3

I have a file looking like the following:

abcdefghijklmnopqrst
//
abcdefghijklmnopqrst
//
abcdefghijklmnopqrst

I use the following code to insert a line with // to the beginning of the document (as advised here: Adding text to beginning of text file), and save this update to a new file.

sed '1s/^/\/\/\'$'\n/' File_1.txt > File_2.txt

What I would like to do, however, is to add unique names after each //, getting a result like this:

// Text 1
abcdefghijklmnopqrst
// Text 2
abcdefghijklmnopqrst
// Text 3
abcdefghijklmnopqrst

etc.

I was thinking I could use tr to translate eg. "//" into "// Text 1". But how do I add Text 2 to the next //, text 3 to the third // etc.? The txt file is mac-osx made.

UPDATE:

Your solution looks good, @PM 2Ring, however, I have the addiditional problem, that the file actually looks like this:

// 
abcdefghijklmnopqrstu 
//            x   x 
abcdefghijklmnopqrstu 
//          x   x 
abcdefghijklmnopqrstu 

So the name is perfectly inserted in first line, but after the secons pair of /, the name is inserted after x, at the end of the line. I need to insert the name just after //, but without shifting the remaining text to the right. Is it possible to delete the same amount of spaces, as the there are characters in the name? This should then not be done in the first line, of course, as I assume this would delete characters from the second line.

  • 1
    The question is: Where do these unique texts come from? Counting would be easy. – Hauke Laging Jan 28 '15 at 11:08
1

You can easily do this with awk:

awk 'BEGIN{n=1}; /\/\//{$0=$0 " Text " n; n+=1}; {print}' infile

If infile contains

//
abcdefghijklmnopqrst
//
abcdefghijklmnopqrst
//
abcdefghijklmnopqrst

The above command prints

// Text 1
abcdefghijklmnopqrst
// Text 2
abcdefghijklmnopqrst
// Text 3
abcdefghijklmnopqrst

The cryptic-looking /\/\// is a regex (a Regular Expression) containing //. In awk regexes are delimited by the forward slash /; to put forward slashes into a regex you need to escape them with the backslash \.

In awk, pattern{action} says perform action if the current line matches the pattern. The BEGIN pattern is a special pattern to signify actions we want to happen before any lines are read. If we don't specify a pattern, the action is performed for all lines (although there is a way to override that).


This updated version will sort-of work on your new input file, but unfortunately it won't preserve the spacing

awk 'BEGIN{n=1}; /^\/\//{$1=$1 " Text " n; n+=1}; {print}' infile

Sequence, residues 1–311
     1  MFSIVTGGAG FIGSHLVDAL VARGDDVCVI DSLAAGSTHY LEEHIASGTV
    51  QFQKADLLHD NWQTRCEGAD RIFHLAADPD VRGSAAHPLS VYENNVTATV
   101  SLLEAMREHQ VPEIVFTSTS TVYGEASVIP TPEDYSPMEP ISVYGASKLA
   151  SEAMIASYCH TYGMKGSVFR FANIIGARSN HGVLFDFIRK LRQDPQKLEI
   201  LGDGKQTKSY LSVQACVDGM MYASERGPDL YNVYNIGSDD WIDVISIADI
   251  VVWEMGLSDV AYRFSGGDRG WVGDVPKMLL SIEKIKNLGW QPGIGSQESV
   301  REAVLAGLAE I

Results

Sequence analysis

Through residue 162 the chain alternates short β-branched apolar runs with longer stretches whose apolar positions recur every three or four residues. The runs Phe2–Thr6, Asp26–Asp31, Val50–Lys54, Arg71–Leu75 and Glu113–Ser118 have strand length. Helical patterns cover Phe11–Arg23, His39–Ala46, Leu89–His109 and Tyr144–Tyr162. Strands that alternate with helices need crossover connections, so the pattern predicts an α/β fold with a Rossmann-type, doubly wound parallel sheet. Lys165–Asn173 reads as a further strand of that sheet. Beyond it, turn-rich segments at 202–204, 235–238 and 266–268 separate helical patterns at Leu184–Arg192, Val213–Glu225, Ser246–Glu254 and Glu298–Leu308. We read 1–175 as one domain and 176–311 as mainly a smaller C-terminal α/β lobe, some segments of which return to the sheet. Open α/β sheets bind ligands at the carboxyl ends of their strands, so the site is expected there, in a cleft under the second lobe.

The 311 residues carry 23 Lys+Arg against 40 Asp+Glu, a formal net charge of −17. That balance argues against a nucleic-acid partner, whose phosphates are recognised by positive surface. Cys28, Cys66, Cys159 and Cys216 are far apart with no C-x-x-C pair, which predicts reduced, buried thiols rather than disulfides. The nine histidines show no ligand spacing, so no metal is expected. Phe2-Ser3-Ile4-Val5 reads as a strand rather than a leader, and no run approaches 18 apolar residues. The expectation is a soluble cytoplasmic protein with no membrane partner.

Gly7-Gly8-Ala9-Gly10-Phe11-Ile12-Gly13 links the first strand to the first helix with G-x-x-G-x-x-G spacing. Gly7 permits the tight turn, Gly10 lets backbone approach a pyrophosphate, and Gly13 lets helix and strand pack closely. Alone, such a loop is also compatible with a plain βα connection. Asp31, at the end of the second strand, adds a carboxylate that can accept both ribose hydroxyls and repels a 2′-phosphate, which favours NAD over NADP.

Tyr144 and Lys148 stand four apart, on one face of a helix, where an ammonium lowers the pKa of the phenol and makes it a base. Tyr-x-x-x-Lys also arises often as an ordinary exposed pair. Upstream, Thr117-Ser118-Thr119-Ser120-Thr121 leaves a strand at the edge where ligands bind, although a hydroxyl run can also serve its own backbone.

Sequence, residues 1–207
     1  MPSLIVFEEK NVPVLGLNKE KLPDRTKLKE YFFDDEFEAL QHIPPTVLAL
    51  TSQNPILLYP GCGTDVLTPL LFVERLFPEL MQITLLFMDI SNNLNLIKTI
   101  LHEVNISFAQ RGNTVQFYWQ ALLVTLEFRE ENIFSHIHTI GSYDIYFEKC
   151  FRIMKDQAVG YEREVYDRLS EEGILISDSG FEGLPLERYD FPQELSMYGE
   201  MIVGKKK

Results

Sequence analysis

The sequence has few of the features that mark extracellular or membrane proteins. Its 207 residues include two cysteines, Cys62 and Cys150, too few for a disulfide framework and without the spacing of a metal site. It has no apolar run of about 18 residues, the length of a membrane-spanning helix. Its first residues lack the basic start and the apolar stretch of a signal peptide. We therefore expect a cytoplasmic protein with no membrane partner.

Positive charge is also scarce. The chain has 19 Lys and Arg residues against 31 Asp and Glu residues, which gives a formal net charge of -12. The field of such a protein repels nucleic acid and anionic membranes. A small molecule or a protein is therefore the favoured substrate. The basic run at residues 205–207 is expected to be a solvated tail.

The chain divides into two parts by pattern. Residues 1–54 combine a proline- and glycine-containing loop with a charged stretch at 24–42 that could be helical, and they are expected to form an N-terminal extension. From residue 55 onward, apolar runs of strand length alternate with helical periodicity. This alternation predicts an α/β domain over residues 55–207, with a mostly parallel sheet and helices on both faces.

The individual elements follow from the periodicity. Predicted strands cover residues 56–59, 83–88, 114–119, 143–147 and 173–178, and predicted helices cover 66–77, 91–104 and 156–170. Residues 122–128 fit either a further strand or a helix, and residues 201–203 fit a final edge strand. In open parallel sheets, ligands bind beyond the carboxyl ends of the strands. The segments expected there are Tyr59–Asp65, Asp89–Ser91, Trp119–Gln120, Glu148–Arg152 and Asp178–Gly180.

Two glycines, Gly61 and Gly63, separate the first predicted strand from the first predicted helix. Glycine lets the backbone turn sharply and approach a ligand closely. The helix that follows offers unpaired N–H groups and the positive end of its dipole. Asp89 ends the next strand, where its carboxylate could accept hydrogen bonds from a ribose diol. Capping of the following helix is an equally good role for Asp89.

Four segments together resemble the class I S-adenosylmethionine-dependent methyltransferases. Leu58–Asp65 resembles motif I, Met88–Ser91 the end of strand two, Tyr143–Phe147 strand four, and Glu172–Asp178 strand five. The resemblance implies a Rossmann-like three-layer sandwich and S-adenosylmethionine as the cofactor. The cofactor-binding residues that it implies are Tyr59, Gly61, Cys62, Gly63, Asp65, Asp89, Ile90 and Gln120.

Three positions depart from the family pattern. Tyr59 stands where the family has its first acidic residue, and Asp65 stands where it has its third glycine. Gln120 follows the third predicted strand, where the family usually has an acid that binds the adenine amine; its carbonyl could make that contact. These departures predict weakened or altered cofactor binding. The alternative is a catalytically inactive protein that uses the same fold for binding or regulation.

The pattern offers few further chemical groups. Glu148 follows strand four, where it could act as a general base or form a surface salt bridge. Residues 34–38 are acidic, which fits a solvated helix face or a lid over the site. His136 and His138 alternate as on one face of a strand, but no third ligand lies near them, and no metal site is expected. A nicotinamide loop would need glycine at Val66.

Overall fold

input

// x  x
abcdefghijklmnopqrst
//    x    x
abcdefghijklmnopqrst
//          x   x
abcdefghijklmnopqrst

output

// Text 1 x x
abcdefghijklmnopqrst
// Text 2 x x
abcdefghijklmnopqrst
// Text 3 x x
abcdefghijklmnopqrst
  • You can do n+=1 (or n++) before $0=... to exclude BEGIN{n=1} – Costas Jan 28 '15 at 11:55
  • @Costas: Good point, but I decided to use explicit initialisation of n to make it easier for people unfamiliar with awk to understand, and to make it easier for them to modify the starting number, if desired. – PM 2Ring Jan 28 '15 at 12:00
  • 1
    awk do not require variable pre-initializaton. And so as we try to use ideologicaly right patterns I'd like to offer {n++ ; $(NF+1)="Text" ; $(NF+1)=n} instead of your {$0=$0...} – Costas Jan 28 '15 at 12:12
  • @Hjalte Try to exchange $0 to $1 – Costas Jan 28 '15 at 12:27
  • This is what I am aiming at, thank you! I have some additional trouble, however. I have updated my question above. – Hjalte Jan 28 '15 at 12:27
1

You can use perl, and the evaluation flag to increment a variable in the replacement part. It search for every line that begins with // and appends Text followed by a number:

perl -pe 's{\A(//)}{$1 . " Text " . ++$i}e' File_1.txt

It yields:

// Text 1 
abcdefghijklmnopqrst
// Text 2 
abcdefghijklmnopqrst
// Text 3  
abcdefghijklmnopqrst

Update (see comments):

Do grouping on the spaces after // and calculate the number of spaces to insert in the replacement part, like:

perl -pe 's{\A(//)(\h*)}{$1 . " Text " . ++$i . " " x ((length ($2)) - length(" Text " . $i))}e' temp

Using your last example, it yields:

// Text 1
abcdefghijklmnopqrstu 
// Text 2     x   x 
abcdefghijklmnopqrstu 
// Text 3   x   x
abcdefghijklmnopqrstu
  • This works very good, thank you! Do you have an idea for a soloution for my updated problem above? Your solution inserts the unique name perfectly after //, but also shifts the remaing text to the right. Is it possible to avoid this? So delete as many spacings as characters inserted? – Hjalte Jan 28 '15 at 13:43
  • @Hjalte: I've updated my answer. – Birei Jan 28 '15 at 14:13
0

Converting @Birei solution to the "additional trouble" update:

perl -pe 's{^// {10}}{sprintf("// Text %-3d ",++$i)}e  or
          s{^//     }{sprintf("// Text %d",   ++$i)}ex '          infile

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